. . . And a Shovel
Illinois—the land of brown-water rafting
June 30, 1983
A bit of drollery about Illinois, the land of brown-water canoeing.
I was busy hauling thousands of discarded magazines in preparation for the annual Lincoln Library book sale later that morning, speculating as I worked about the ephemeral nature of both journalism and my own vigor, when one of my co-volunteers turned to me between grunts and asked, “You been to Cozumel?”
Cozumel? Of course. My T-shirt. I was wearing a shirt which endorsed the scuba diving at Palancar Reef. Shamefaced, I had to admit to my companion that I was guilty of a species of false advertising, that it is my brother-in-law who dives, not I, that it was he who gave me the shirt as a gift upon his return from a recent diving expedition, that the only time I enjoy a tete-a-tete with a red snapper is when I wait for L. to finish shopping at Robert’s fish shop.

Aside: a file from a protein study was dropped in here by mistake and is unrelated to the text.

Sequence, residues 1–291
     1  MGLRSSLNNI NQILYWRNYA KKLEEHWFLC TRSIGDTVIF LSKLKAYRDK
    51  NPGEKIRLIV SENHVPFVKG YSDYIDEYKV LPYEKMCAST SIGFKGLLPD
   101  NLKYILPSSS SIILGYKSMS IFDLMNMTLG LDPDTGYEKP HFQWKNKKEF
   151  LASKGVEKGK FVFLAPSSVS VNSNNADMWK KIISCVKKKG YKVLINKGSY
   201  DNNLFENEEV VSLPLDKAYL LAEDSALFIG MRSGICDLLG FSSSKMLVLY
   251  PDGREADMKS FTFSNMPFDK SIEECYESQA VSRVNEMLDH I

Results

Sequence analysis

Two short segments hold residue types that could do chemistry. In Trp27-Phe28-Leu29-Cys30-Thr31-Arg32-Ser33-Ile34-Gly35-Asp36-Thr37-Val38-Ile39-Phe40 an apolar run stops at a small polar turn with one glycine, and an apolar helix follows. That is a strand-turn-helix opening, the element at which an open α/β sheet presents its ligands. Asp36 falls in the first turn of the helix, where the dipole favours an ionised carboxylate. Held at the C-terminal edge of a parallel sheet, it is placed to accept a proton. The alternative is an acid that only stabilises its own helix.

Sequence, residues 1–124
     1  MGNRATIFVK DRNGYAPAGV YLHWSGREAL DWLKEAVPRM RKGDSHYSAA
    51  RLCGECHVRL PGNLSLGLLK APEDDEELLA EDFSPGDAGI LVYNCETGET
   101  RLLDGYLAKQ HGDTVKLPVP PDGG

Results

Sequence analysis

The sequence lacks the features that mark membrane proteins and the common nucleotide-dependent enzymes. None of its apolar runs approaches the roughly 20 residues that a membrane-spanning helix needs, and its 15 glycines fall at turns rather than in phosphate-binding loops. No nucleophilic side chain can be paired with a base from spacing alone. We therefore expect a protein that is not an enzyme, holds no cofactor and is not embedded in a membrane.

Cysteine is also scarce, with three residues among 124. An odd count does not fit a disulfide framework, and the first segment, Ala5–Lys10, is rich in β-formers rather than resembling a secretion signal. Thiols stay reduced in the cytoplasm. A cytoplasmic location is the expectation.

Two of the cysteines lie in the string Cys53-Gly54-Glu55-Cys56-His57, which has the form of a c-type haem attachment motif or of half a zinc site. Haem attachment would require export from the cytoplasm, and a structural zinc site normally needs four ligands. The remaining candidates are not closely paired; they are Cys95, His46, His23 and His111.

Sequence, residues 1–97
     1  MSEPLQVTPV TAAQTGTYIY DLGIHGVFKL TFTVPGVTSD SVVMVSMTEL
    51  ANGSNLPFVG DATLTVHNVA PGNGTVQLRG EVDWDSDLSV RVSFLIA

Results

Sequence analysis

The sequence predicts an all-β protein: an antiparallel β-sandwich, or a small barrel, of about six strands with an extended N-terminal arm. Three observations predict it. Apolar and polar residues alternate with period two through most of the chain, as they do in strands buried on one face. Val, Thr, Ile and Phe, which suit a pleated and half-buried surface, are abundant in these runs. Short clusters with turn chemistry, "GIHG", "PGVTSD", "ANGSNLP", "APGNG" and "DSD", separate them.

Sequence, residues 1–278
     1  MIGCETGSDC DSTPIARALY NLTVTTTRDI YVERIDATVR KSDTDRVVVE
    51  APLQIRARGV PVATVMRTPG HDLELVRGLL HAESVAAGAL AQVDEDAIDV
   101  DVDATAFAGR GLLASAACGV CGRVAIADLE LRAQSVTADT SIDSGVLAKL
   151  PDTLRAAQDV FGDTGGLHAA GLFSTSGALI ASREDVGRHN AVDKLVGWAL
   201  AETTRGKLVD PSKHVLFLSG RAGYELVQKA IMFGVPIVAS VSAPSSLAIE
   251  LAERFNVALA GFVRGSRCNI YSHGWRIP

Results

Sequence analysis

The encounter also brought to mind one of the unhappier truths about life in central Illinois, indeed about the Midwest in general. While it is true that living in central Illinois is a wilderness experience of a sort, one must venture abroad to experience the real wilderness. And venture we do. I can scarcely muster a quorum of my Mah-Jongg group this time of year, what with members off in Chile rafting on the Rio Bio-Bio or hiking in Sikkim or touring Sri Lanka by bicycle.
Alas, what choice do they have? The nearest ocean beach to Springfield lies several hundred feet underfoot. Scuba diving? Not unless you want to find out what life is like for a tulip bulb. Rock climbing? There is a rock about the size of a car near Rantoul, I am told, one of a few left behind by the last glacier the way a human tourist might discard a soiled Pamper; one could climb it, I suppose, unless someone’s taken it home to his garden.
No, you can search through a thousand pages of Outside magazine and find no reference to Illinois except how to get away from it. There is one escape from this dreariness, however. It is a sport little known outside the Corn Belt and little practiced inside it, but one which nevertheless offers stern tests to those intrepid enough to try it. I speak of course of brownwater rafting.